Ottawa Senators Top 25 Under 25 2019, #11: Christian Jaros
The Slovak stays put at number 11
11. Christian Jaros (Reader Rank: 15, Last Year: 11)
Christian Jaros managed to hold steady at number 11 on our list, which is quite the accomplishment considering the newfound prospect depth of the Ottawa Senators. The 23 year old could be a mainstay on the Sens’ blue line this coming season as one of just three right-handed defencemen in the system with NHL experience, but with left-handed Ron Hainsey likely playing on the right side, he will have to displace one of the veterans (Hainsey, Dylan DeMelo, Nikita Zaitsev) for a regular spot in the lineup. His presence at number 11 on our list means we think he might just be able to force his way into the NHL lineup again.
Jaros was a 5th-round pick (139th overall) in the 2015 draft — yes, the same draft as Thomas Chabot, Colin White, Filip Chlapik, Christian Wolanin, and Joey Daccord, which is currently a strong contender for best draft in team history. Very little was known about him at the time, with NKB only able to put together a one-paragraph summary since big prospect rankings like McKeen’s or Bob McKenzie’s didn’t even rank him. What we knew then was that he was big (6’ 3”, 205 lbs), aggressive on defence, and had a big shot. He played the next two seasons mostly for Luleå of the SHL, finishing with 19 points in 86 games. He also was playing for the national Slovakian team by 2015, partially due to a lack of national depth, but at least in part because he was promising as teenager.
In 2017-18, he crossed to North America and played 44 games for Belleville, putting up 16 points in 44 games. The fact that he was able to hold his own in the North American game at age 21 had Sens fans excited for his future. He even got called up for two NHL games, getting his first taste of big league action.
Fast forward another year, and Jaros spent pretty much the whole season in the NHL. The season began with Cody Ceci hurt, opening up a spot for Christian Jaros on the right side. After just one AHL game, he was called up the NHL and never went back down, being told in mid-December to “get a place” in Ottawa. He ended up playing 61 NHL games, missing three games after injuring his hand in his first fight, and then a few more down the stretch with a recurring hamstring issue. He finished his first NHL season with a goal and nine assists, playing primarily on the third pairing behind Ceci and Dylan DeMelo.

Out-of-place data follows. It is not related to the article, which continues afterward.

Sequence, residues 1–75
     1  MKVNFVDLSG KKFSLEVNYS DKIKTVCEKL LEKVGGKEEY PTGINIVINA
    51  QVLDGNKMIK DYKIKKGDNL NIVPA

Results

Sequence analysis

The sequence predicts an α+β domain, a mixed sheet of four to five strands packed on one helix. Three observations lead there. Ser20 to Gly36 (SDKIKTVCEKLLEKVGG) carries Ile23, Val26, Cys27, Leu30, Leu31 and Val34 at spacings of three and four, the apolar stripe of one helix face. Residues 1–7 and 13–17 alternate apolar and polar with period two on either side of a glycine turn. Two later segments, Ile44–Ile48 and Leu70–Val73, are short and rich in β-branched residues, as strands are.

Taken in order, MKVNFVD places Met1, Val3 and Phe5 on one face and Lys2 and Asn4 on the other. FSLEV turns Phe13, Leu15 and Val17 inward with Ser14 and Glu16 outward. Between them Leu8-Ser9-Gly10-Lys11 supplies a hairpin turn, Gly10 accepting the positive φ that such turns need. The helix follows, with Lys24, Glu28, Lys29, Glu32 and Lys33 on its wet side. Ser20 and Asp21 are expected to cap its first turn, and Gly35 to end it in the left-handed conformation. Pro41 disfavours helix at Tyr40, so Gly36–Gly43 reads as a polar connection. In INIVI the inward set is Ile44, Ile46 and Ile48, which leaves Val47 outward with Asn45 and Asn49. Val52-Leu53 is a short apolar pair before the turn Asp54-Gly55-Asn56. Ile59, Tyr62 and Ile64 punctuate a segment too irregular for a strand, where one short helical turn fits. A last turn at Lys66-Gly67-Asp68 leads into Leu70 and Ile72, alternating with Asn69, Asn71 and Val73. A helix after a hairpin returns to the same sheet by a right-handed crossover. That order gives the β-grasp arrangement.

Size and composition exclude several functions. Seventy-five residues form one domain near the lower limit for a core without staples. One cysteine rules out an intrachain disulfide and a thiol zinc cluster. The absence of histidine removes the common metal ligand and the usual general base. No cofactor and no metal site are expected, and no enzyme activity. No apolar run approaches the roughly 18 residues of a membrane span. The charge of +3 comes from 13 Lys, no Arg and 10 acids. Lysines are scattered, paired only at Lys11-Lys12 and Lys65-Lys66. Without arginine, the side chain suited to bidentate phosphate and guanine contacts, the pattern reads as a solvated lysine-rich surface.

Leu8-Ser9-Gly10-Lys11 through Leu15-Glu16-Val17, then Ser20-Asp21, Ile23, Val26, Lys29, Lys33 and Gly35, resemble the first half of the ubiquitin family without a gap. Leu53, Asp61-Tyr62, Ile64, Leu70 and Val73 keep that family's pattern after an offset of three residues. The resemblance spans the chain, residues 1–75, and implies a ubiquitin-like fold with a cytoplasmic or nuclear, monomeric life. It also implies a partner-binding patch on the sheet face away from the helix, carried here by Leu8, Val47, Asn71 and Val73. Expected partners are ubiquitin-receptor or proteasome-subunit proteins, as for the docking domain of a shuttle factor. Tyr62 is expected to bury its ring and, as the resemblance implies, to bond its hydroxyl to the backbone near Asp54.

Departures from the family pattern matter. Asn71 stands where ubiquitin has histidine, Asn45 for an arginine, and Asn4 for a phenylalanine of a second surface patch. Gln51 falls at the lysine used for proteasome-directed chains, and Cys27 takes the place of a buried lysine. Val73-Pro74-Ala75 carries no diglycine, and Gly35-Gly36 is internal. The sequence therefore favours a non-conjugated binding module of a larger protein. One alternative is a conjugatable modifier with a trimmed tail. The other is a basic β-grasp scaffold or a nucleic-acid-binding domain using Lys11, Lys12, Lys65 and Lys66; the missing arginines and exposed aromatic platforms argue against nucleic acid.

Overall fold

Statistically, his first season wasn’t great. He finished with 43.2% of the 5v5 shot attempts (all stats via NaturalStatTrick.com), ahead of only Ben Harpur, Max Lajoie, and Justin Falk among defencemen to play 100 min with the Sens last season. However, context is important — after all, only two Sens players (Mark Stone and Nick Paul) were above 50%, and just two more (Brady Tkachuk and Thomas Chabot) were above 48%. Putting up bad stats on a bad team doesn’t mean you’re bad. He played 366 5v5 minutes with Mark Borowiecki, more than twice as much as he spent with anyone else, and both saw an uptick in 5v5 shot attempts when they weren’t paired together. Historically, Boro hasn’t been the best at boosting people’s numbers. His next most common partner was Ben Harpur, an even bigger historical drag on stats, and even though Jaros saw a slight decrease (40.9% to 40.3%) without him, it’s hard to put that on Jaros. Essentially, he was a rookie playing on a bad team with players who generally don’t fare well in shot-based statistics, and his numbers were bad. It’s really hard to evaluate him based on the season that occurred. To say he played better with Chabot than with Harpur is something you wouldn’t even need to look at a spreadsheet to know. To say he was badly outscored and outshot on a team that was outscored 302-242 and outshot 2931-2429 isn’t newsworthy. It may take a couple years for this team to improve for us to get a better sense of what the Sens have in Jaros.
You could see flashes of what Jaros was known for this past season: gap control, defensive awareness, a hard shot. Hopefully as this team gets better, he’ll develop confidence and continue to grow as a defenceman. To end on a happy note, here’s Jaros’ first NHL goal, a hard, accurate wrister: